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Ship Fever: Stories Paperback – November 17, 1996
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Many of the characters who populate Andrea Barrett's National Book Award-winning collection, Ship Fever, feel similarly displaced in the world. They long to prove themselves in both science and love, but are often thwarted by gender, social position, or the prevailing order. In "The Behavior of the Hawkweeds," the wife of a genetics professor has learned that each narrative of discovery is matched by one, if not more, "in which science is not just unappreciated, but bent by loneliness and longing." Barrett's astonishing tales of ambition and isolation convey the meaning and feeling behind the patterns--scientific and emotional--but slip free of easy closure. The two women in "Rare Bird," like the swallows, depart England for more conducive climes, or so the brother of one believes. The reader is left to hope, and imagine. Much has been made of Andrea Barrett's interlacing of history, knowledge, and fact--and rightly so. But equal attention should be paid to the brilliant serenity and exactitude of her style. --Kerry Fried --This text refers to an out of print or unavailable edition of this title.
From Publishers Weekly
Copyright 1995 Reed Business Information, Inc. --This text refers to an out of print or unavailable edition of this title.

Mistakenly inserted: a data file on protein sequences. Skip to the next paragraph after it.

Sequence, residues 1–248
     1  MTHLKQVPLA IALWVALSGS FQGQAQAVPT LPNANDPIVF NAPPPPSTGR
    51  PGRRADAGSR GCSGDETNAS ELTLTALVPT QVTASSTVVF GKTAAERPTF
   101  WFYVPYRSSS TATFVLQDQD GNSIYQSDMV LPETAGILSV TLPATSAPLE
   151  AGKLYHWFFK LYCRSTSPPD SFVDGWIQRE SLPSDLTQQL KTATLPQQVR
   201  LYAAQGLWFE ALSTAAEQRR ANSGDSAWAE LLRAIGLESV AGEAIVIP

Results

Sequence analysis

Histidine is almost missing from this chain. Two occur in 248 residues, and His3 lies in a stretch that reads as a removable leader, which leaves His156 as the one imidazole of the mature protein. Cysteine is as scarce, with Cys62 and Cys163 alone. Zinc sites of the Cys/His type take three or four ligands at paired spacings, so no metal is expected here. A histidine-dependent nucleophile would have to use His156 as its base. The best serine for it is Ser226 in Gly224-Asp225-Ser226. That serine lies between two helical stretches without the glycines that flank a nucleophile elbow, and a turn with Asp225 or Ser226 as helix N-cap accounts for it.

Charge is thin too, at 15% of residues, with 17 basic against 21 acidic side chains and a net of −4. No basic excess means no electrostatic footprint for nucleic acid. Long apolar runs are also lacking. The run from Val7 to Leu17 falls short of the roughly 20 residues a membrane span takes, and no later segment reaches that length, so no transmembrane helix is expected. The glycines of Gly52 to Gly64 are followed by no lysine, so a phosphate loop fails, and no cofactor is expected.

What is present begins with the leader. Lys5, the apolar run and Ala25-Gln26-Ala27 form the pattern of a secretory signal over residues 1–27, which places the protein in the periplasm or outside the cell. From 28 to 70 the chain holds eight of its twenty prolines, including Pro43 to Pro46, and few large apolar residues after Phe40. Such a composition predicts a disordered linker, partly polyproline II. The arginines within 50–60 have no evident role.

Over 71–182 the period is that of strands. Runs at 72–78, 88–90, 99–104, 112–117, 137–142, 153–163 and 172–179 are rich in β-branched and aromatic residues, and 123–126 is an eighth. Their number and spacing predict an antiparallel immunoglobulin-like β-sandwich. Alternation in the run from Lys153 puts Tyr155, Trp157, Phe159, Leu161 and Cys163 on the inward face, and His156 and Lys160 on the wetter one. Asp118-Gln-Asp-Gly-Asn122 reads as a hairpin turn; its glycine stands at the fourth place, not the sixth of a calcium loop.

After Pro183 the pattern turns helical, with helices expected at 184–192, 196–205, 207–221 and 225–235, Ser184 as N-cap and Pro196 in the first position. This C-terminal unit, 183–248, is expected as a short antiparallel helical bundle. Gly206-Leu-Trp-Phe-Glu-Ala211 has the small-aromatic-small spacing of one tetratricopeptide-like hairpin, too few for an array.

Top Customer Reviews
in her collection SHIP FEVER, entitled "The Behaviour of the
Hawkweeds" in BEST AMERICAN SHORT STORIES. ...
In her other tales
in this collection, Barret explores experiences and perspecives associated
with science and medicine in the 19th century. One tale "Sorache"
describes the terrible consequences of a treatment for altitude sickness on
a pregnant tourist. In "Birds With No Feet" a young naturalist
realizes his love of nature and his scientific exploits are on a deadly
My second favorite story (after Hawkweeds) is the eponymous
tale "Ship Fever." I could relate to this tale because my great-
grandmother Anna Mary immigrated from Genderalden Bavaria in the 1850s to
Chicago, where the members of her family were struck down by Cholera. Of her
family--father, mother, four brothers and herself--only Anna Mary and
one brother survived. In "Ship Fever" Barrett recounts the
terrible effects of Cholera on the immigrant ships....
These are wonderful
and moving stories. Barrett enlightens us about life in the 19th Century,
where science promised so much while simultaneously introducing a new world
of pain and terror.